Conclusion: Our data show that due to increased serum IGF-Ilevel, repeated sprint exercise may have anabolic effects as well as traumatic effects on the muscles.

Open access
The effects of extracurricular physical education classes on gross motor development in primary school children – pilot study


Study aim: The aim of the study was to investigate the changes in gross motor skills in children participating and not participating in a project of extracurricular physical education classes in primary schools called “From fun to sport”.

Material and methods: Thirty-one children in the first grade of primary school participated in the study (16 boys and 15 girls). A pedagogical quasi-experiment was applied. Children from the experimental group participated in an additional 45-minute lesson. To assess gross motor skills the TGMD-2 (Test of Gross Motor Development-2) was used.

Results: Statistically significant differences were observed in the level of gross motor skills between children attending extracurricular physical education classes and those who did not participate in such activities (GMDQ: Δ boys = 11.86, p = 0.032; Δ girls = 13.1, p = 0.036).

Conclusion: The experiment revealed large effects of additional activities of the project on increase of children’s motor skills level. Additional time should be included in physical education for the development of gross motor skills in physical education classes at the initial stage of school education.

Open access
Female sex hormones and the recovery from exercise: Menstrual cycle phase affects responses


Study aim: Evidence supports female sex hormones have an influencing effect on amultitude of physiological and psychological systems related to exercise. Little is known, however, whether is effect persist into the recovery from exercise. Our objective was to examine aspects of muscle damage/inflammation process during recovery in healthy, exercise-trained women following endurance activity at the mid-follicular (MF; low sex hormone level) and mid-luteal (ML; elevated sex hormone levels) phases of their menstrual cycle.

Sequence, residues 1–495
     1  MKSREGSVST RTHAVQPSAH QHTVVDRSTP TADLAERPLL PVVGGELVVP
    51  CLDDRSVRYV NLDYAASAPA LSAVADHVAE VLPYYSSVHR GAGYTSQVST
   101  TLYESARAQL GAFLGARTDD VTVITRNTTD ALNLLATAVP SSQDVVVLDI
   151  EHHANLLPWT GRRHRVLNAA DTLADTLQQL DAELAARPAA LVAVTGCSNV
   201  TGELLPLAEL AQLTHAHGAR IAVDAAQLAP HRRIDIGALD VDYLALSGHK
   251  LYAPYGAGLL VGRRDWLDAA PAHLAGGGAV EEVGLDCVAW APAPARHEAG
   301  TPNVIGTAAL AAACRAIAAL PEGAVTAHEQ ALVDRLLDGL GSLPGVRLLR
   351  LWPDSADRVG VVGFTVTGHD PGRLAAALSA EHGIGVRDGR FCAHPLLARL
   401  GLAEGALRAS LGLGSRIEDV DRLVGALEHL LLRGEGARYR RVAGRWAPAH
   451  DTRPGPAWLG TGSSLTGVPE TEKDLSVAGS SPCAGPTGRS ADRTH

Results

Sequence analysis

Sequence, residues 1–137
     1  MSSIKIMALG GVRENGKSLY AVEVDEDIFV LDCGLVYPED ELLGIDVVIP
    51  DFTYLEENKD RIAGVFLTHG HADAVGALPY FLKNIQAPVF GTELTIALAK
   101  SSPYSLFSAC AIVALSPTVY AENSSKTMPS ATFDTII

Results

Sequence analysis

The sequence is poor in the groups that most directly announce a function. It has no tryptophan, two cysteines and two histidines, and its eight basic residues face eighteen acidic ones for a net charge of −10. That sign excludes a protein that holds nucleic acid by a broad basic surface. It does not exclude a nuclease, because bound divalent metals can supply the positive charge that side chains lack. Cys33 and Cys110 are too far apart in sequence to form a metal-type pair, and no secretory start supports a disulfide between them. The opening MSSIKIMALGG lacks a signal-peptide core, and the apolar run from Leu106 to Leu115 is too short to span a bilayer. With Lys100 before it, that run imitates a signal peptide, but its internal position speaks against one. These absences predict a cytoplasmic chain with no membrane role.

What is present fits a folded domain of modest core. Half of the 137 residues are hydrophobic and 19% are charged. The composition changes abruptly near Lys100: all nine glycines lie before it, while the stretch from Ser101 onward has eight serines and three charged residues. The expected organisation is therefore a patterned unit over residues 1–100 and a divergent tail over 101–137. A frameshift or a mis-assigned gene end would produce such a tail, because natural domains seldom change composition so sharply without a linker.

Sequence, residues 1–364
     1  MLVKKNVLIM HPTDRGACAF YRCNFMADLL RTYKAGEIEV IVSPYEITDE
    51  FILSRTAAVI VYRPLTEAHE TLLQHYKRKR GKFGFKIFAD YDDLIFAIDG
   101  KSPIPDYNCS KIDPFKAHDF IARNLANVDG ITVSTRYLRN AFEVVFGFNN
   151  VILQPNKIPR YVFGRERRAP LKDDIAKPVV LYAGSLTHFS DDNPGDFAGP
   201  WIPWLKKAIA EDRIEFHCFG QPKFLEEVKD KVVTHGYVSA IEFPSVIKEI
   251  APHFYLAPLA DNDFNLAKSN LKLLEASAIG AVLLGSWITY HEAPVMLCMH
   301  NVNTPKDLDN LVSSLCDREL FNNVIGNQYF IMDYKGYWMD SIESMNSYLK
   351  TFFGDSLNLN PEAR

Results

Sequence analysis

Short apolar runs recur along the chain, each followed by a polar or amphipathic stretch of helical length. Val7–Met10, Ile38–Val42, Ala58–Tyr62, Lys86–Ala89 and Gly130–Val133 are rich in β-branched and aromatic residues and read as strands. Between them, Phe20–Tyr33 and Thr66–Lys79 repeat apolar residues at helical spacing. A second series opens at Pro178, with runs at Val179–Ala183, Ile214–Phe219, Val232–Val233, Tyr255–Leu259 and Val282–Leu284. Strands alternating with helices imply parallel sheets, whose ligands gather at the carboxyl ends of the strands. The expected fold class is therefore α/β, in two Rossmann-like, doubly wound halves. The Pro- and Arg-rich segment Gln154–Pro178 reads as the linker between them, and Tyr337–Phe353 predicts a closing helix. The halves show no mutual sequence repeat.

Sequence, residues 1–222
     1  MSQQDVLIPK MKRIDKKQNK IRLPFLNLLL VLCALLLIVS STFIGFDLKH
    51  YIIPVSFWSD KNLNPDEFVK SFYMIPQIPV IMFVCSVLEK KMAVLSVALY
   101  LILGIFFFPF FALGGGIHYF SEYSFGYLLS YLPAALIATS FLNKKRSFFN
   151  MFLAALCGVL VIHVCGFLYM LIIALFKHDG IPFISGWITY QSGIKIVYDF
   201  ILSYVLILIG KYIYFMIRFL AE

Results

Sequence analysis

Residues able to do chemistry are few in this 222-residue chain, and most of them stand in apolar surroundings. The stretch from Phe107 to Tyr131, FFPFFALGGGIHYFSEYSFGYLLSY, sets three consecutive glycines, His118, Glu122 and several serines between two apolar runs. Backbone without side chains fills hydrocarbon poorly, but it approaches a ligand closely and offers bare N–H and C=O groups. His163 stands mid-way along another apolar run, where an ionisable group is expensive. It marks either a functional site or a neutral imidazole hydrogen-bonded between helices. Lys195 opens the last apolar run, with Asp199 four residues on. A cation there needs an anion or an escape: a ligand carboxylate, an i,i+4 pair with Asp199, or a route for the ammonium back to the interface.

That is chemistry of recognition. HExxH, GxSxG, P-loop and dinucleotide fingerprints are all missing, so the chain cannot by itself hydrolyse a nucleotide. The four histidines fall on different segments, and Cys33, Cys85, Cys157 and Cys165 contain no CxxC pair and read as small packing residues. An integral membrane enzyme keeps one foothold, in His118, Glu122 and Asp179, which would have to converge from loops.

Material and methods: The MF and ML exercise sessions consisted of running for 90 minutes at 70% VO2max on atreadmill in a controlled laboratory environment. Menstrual cycle phase was hormonally confirmed, diet and physical activity was control throughout the study. Outcome measures were: blood creatine kinase (CK) and interleukin-6 (IL-6) assessed at immediate-post exercise (IP), 24-hour and 72-hour into recovery. Statistics involved ANOVA procedures.

Results: At 24-hours and 72-hour into recovery CK activity was greater in MF than ML (p < 0.05) while for IL-6 at IP, 24-hour and 72-hour responses were significantly greater at MF than at ML (p < 0.05).

Conclusions: Amore robust recovery CK and IL-6 response occur in the MF of the menstrual cycle when female sex hormones are reduced. This finding suggests female sex hormone changes due to menstrual cycle phase affect the physiologic responses during the extended recovery period from intensive exercise in eumenorrheic women.

Open access
Finite element analysis to assess the biomechanical behavior of a finger model gripping handles with different diameters


Study aim: Interactions between the fingers and a handle can be analyzed using a finite element finger model. Hence, the biomechanical response of a hybrid human finger model during contact with varying diameter cylindrical handles was investigated numerically in the present study using ABAQUS/CAE.

Materials and methods: The finite element index finger model consists of three segments: the proximal, middle, and distal phalanges. The finger model comprises skin, bone, subcutaneous tissue and nail. The skin and subcutaneous tissues were assumed to be non-linearly elastic and linearly visco-elastic. The FE model was applied to predict the contact interaction between the fingers and a handle with 10 N, 20 N, 40 N and 50 N grip forces for four different diameter handles (30 mm, 40 mm, 44mm and 50 mm). The model predictions projected the biomechanical response of the finger during the static gripping analysis with 200 incremental steps.

Results: The simulation results showed that the increase in contact area reduced the maximal compressive stress/strain and also the contact pressure on finger skin. It was hypothesized in this study that the diameter of the handle influences the stress/strain and contact pressure within the soft tissue during the contact interactions.

Conclusions: The present study may be useful to study the behavior of the finger model under the static gripping of hand-held power tools.

Open access